Revelation, July 1828 [D&C 3]
- Source Note
This is the first JS revelation for which a text has survived. According to JS’s history, it was obtained using the after lost the earliest Book of Mormon manuscript. Working in , Pennsylvania, from mid-April to mid-June 1828, JS dictated and Harris wrote what JS later called “the Book of Lehi,” from the gold plates. Facing ongoing opposition from his , Harris pressed JS to “enquire of the Lord through the Urim and Thummin” whether Harris could take the translation to his home in , New York, to “read to his friends that peradventur he might convince them of the truth.” JS’s history said that he “inquired of the Lord and the Lord said unto me that he [Harris] must not take” the manuscript. Dissatisfied with the answer, Harris made a second request, resulting in a similar inquiry and answer. Finally, “after much solicitation” from Harris, JS “again enquired of the Lord, and permission was granted him [Harris] to have the writings on certain conditions,” which included showing them only to specified family members.With the manuscript in hand, left for , apparently on 14 June. On 15 June, gave birth to a who was either stillborn or died shortly after birth. For nearly three weeks JS cared for Emma, who in ’s words felt “to tremble upon the verge of the silent home of her infant.” As Emma began to recover in early July, she encouraged JS to “repair to , for the purpose of learning the cause of Mr. Harris absence, as well as silence.” Shortly after JS arrived at his parents’ home near Palmyra, he learned that Harris had lost the manuscript. Lucy Mack Smith wrote that “sobs and groans . . . filled the house,” with JS “weeping and grieving like a tender infant.” He and his family soon “parted with heavy hearts,” and JS returned to .JS’s history described the historical setting for the revelation: “Immediately after my return home [to ] I was walking out a little distance, when Behold the former heavenly messenger appeared and handed to me the Urim and Thummin again (for it had been taken from me in consequence of my having wearied the Lord in asking for the privilege of letting take the writings which he lost by transgression) and I enquired of the Lord through them and obtained the folowing revelation.” It is not known when or how the text was committed to paper. Although JS may have written it himself, he dictated later revelations to scribes and may have dictated this one to either or her brother Reuben Hale, both of whom served as scribes to JS during this time. The earliest extant version of the revelation, featured here, was copied into Revelation Book 1 by , likely in early 1831.The revelation rebuked JS for allowing to take the manuscript and commanded him to repent before he could resume the translation. According to , the angel told JS that because he “had sinned in that he had delivered the manuscript into the hands of a wicked man . . . he would of necessity suffer the consquence’s of his indiscretion.” However, after losing the plates and the spectacles, JS continued his “suplications to God without cessation” until he “had the joy and satisfaction of again receiving the urim and Thummim.”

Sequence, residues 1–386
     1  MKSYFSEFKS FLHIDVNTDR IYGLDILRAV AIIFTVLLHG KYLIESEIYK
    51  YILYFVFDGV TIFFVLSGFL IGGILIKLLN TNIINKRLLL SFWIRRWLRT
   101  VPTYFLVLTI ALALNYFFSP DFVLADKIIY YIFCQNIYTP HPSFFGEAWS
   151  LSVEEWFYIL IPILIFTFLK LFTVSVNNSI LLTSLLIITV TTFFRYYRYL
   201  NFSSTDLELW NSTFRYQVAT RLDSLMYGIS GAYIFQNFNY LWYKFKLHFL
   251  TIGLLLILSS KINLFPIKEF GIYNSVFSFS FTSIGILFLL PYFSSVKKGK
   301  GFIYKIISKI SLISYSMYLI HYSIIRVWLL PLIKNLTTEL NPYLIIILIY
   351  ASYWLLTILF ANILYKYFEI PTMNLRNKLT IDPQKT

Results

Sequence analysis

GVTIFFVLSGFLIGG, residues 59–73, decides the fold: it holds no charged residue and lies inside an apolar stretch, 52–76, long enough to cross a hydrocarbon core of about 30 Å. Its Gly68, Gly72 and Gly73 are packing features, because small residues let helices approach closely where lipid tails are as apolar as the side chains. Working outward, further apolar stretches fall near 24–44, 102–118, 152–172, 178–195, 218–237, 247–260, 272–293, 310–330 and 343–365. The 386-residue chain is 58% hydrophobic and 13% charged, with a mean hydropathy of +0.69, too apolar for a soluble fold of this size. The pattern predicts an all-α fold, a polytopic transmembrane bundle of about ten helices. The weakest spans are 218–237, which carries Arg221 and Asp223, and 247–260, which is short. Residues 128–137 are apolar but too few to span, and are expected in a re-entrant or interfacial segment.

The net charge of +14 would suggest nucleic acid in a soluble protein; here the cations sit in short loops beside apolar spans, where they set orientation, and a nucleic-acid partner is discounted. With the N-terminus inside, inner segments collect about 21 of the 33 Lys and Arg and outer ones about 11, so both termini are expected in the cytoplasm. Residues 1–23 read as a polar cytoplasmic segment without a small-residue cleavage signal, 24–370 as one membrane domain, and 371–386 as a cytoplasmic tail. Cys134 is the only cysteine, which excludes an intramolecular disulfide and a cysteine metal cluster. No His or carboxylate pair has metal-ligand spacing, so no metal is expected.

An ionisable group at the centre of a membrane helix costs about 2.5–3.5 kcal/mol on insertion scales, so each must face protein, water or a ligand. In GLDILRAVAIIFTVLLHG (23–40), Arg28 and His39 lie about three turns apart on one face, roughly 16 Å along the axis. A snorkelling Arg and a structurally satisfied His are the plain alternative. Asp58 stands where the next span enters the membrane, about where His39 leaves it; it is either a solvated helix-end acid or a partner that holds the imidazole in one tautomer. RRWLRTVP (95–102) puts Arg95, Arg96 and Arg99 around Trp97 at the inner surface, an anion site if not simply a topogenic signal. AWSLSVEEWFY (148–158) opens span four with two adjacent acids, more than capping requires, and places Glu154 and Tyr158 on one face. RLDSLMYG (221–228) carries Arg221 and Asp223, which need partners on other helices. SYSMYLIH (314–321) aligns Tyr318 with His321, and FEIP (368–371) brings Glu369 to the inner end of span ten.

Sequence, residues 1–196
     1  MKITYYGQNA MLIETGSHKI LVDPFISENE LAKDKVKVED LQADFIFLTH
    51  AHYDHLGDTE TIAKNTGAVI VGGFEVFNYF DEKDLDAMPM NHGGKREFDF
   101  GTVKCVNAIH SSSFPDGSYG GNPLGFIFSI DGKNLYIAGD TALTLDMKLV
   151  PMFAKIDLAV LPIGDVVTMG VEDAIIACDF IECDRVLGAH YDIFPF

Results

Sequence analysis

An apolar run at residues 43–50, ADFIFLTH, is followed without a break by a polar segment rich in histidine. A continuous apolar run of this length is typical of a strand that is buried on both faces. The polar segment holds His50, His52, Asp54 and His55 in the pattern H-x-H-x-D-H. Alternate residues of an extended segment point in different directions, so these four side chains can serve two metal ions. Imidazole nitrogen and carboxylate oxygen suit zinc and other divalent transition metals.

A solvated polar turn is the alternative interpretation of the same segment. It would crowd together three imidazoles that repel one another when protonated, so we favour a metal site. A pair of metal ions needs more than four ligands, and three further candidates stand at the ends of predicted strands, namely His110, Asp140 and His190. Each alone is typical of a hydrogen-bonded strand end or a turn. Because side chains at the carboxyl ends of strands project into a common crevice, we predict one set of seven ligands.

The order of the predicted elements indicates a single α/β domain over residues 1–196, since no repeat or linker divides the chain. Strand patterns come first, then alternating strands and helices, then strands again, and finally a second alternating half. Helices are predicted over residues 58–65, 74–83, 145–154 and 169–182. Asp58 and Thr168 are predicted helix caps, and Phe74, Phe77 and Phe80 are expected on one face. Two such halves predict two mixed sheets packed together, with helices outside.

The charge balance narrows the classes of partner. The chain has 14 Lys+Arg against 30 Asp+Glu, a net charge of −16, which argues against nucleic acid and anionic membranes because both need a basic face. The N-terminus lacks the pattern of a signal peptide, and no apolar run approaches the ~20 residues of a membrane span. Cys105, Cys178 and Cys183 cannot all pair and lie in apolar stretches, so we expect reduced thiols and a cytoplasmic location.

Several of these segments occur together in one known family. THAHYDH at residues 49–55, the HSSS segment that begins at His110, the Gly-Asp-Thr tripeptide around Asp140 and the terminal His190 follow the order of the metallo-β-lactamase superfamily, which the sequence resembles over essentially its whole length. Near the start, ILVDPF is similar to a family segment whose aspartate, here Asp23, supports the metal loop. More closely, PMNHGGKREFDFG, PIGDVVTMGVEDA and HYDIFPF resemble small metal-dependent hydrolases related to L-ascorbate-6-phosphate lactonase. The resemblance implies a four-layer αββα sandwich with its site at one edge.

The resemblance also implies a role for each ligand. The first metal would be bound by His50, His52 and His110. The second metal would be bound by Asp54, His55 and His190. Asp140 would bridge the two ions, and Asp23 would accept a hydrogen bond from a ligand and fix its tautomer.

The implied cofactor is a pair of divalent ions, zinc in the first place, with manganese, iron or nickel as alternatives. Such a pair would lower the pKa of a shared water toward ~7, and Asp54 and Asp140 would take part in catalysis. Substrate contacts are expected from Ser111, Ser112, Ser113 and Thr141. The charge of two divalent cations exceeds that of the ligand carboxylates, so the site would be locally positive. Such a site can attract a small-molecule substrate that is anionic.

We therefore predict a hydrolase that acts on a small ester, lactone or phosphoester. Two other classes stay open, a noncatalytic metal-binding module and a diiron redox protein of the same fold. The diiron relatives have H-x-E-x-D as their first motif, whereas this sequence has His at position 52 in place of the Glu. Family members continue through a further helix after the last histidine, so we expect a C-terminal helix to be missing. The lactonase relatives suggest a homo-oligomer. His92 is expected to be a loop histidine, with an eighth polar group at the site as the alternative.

U.S. and Canada Record Collection. FHL.
Susquehanna Register, and Northern Pennsylvanian. Montrose, PA. 1831–1836.
JS Family Bible / Joseph Smith Family Bible, ca. 1831–1866. Private possession. Copy of genealogical information in Joseph Smith Sr. Family Reunions Files, 1972–2003. CHL.
Anderson, George Edward. Glass Plate Negative Collection, 1897–1927. CHL. PH 725. A selection of photographs from this collection are available in Richard Neitzel Holzapfel, T. Jeffery Cottle, and Ted D. Stoddard, ed., Church History in Black and White: George Edward Anderson’s Photographic Mission to Latter-day Saint Historical Sites; 1907 Diary, 1907–8 Photographs (Provo, UT: Religious Studies Center, Brigham Young University, 1995).
Saints’ Herald. Independence, MO. 1860–.
Knight, Joseph, Sr. Reminiscences, no date. CHL. MS 3470.
Saints’ Herald. Independence, MO. 1860–.
Blackman, Emily C. History of Susquehanna County, Pennsylvania. From a Period Preceding Its Settlement to Recent Times. . . . Philadelphia: Claxton, Remsen and Haffelfinger, 1873.